Universities in the United States are going to great lengths to prove that their engineering courses are female-friendly. The University of Wyoming recently held an event called Women in STEM, that saw 500 young women from grades 7 to 12 interact with fields that in recent history have been overrun by men. The event is one of many events that have been held across the United States to attempt to further convince young women that a career in a STEM field would be beneficial to their futures.
"Women are still under-represented in the science and engineering fields, and we want to give young women information about career opportunities and college majors in these fields and expose them to all the opportunities out there in terms of science and engineering," said Shawna Mcbride, an associate director of the Wyoming NASA Space Grant Consortium, speaking to Wyoming Business Report.
Notably, professors of electrical and computer engineering held workshops for the girls, showing off robotics and Raspberry Pis, things that would hopefully pique their interest.
The University of California has also tried to bring young adult women into engineering by hosting a week-long summer camp called The UC Berkeley Girls in Engineering Week that explored the different kinds of engineering that exist in the world. The girls seemed to enjoy the biomedical engineering workshop, the robotics displays, civil engineering workshops and the software development workshops. All of the instructors at the event were women, which inspired confidence in the girls seeing as though they could see that some women do thrive in the engineering industry.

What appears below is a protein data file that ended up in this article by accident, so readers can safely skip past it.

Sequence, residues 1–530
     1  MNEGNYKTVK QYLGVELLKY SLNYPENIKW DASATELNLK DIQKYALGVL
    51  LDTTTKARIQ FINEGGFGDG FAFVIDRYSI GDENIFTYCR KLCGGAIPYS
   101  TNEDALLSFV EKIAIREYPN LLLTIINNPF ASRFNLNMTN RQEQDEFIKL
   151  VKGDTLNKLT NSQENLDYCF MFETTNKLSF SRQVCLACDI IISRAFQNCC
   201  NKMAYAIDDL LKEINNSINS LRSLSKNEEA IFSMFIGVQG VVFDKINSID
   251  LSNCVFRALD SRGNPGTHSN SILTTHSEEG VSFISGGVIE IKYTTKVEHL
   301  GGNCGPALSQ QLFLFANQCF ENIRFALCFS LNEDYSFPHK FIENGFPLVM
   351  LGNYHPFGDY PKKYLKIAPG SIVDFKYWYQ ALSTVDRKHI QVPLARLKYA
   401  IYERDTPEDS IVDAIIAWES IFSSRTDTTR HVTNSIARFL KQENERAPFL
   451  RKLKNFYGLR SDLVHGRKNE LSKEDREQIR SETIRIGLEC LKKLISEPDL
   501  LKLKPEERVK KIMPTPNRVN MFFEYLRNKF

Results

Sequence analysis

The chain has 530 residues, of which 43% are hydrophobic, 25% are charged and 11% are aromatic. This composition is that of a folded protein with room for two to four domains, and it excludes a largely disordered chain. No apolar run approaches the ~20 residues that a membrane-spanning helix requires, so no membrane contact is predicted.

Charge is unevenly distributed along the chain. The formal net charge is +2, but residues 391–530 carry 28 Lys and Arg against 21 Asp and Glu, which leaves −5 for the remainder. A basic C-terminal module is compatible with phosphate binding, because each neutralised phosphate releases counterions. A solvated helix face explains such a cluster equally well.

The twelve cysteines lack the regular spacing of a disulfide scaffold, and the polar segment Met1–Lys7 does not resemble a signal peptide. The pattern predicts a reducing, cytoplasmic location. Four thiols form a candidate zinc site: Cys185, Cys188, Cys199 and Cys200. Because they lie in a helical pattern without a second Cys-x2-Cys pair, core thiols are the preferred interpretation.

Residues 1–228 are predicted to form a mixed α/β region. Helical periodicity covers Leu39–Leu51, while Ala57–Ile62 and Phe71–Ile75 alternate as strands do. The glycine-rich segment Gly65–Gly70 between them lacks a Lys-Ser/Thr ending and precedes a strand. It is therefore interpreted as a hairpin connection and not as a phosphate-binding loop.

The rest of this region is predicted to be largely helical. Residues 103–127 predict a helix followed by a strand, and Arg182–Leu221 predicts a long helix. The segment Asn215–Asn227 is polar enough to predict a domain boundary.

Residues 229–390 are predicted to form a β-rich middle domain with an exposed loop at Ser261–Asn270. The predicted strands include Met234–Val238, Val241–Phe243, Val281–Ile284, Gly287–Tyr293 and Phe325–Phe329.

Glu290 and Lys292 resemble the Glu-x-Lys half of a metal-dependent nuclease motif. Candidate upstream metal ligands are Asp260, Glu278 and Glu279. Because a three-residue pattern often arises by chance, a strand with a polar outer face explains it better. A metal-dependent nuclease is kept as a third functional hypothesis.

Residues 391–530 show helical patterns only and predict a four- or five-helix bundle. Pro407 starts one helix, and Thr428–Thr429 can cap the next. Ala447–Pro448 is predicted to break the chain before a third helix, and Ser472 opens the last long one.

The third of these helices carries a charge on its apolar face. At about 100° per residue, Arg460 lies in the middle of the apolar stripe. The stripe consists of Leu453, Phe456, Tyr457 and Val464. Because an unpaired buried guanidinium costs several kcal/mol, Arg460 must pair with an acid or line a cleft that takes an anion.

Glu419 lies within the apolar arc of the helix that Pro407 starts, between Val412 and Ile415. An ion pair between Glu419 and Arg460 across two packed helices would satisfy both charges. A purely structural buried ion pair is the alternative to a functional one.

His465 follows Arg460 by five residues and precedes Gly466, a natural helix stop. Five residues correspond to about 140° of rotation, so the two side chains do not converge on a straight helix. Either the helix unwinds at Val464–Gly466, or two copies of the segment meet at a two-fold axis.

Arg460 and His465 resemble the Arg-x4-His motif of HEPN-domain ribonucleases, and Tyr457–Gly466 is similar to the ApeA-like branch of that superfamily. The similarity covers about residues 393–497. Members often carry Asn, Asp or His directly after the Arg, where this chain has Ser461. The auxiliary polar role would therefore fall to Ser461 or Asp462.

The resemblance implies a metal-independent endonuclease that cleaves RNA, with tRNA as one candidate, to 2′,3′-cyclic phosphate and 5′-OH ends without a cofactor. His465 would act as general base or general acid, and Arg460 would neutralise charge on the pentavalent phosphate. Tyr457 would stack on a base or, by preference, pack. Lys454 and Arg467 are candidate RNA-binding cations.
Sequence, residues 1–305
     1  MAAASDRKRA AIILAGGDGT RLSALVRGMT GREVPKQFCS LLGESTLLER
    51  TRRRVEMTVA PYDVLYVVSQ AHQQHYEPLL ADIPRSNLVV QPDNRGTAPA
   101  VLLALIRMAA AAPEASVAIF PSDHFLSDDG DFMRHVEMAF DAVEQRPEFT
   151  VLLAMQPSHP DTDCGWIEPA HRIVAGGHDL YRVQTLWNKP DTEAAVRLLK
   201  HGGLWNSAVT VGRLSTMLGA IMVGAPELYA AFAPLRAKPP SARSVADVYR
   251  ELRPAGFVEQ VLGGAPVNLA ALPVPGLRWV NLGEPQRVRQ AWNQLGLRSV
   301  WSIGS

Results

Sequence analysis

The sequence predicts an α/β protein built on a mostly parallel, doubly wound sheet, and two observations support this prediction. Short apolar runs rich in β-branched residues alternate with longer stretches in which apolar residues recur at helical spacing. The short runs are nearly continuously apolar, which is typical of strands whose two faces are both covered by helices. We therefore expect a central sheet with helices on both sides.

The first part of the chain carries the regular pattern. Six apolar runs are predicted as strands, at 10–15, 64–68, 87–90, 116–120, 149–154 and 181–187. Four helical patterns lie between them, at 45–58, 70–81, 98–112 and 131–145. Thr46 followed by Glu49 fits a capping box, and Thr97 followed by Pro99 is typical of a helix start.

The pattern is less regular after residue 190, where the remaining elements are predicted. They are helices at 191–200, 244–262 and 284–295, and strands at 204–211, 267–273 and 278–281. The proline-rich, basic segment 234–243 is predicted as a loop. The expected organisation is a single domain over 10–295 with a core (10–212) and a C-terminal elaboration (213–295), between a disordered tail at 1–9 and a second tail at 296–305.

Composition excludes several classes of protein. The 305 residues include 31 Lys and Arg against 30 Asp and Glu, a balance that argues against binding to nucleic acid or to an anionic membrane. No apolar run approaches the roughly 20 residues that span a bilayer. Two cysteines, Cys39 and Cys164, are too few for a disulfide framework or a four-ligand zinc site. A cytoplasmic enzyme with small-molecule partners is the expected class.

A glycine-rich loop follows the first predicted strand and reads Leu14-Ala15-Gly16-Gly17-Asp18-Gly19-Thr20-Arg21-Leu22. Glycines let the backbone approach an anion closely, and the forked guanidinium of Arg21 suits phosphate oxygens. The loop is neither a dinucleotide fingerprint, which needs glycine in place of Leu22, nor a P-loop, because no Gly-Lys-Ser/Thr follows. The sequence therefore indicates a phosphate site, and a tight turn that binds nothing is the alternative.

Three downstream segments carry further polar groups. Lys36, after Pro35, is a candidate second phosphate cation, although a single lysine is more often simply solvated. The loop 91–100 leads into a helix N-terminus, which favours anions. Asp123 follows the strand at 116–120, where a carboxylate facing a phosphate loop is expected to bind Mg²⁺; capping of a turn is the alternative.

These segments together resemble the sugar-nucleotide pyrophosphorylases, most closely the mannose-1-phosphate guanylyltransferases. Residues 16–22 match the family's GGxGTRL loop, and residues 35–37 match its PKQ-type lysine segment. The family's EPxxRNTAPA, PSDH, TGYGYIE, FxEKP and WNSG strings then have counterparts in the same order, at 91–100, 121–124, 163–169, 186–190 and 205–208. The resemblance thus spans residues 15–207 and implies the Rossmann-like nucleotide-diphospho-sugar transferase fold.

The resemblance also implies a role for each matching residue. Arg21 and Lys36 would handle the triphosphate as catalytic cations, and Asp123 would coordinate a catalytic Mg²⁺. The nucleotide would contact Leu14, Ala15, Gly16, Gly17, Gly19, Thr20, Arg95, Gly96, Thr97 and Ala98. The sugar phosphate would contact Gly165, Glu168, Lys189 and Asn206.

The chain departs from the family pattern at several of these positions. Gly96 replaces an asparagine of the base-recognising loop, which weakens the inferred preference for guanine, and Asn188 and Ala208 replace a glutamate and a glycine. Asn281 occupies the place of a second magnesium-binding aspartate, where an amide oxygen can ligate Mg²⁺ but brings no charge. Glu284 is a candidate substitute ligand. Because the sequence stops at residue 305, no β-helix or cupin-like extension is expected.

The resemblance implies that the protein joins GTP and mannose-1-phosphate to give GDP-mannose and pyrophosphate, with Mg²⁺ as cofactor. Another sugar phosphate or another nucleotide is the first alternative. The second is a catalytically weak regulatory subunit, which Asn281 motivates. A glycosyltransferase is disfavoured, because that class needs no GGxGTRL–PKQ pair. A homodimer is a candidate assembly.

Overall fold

An Ohio State University study has investigated how much females who have obtained P.h.Ds earn one year after graduation. The results showed that women earn 31 percent less. The results were published in Science Daily under the title Young women in STEM fields earn up to one-third less than men.
Bruce Weinberg, co-author of the study and professor economics at Ohio State said: "There's a dramatic difference in how much early career men and women in the sciences are paid. We can't get a sense of some of the reasons behind the pay gap, but our study can't speak to whether or any of the gap is due to discrimination. Our results do suggest some lack of family-friendliness for women in these careers."
The data has confused the authors due to inconceivable reasons as to why women are earning less than men in STEM fields. The data was compiled by the U.S. Census Bureau with help from the American Institutes for Research. It is concrete evidence that women are earning less in STEM fields. The STEM career compensation data has been recently unavailable however 150 institutions will hopefully be publishing their data soon. Only 16 universities have provided data for researchers to comb over that have produced the above-mentioned results.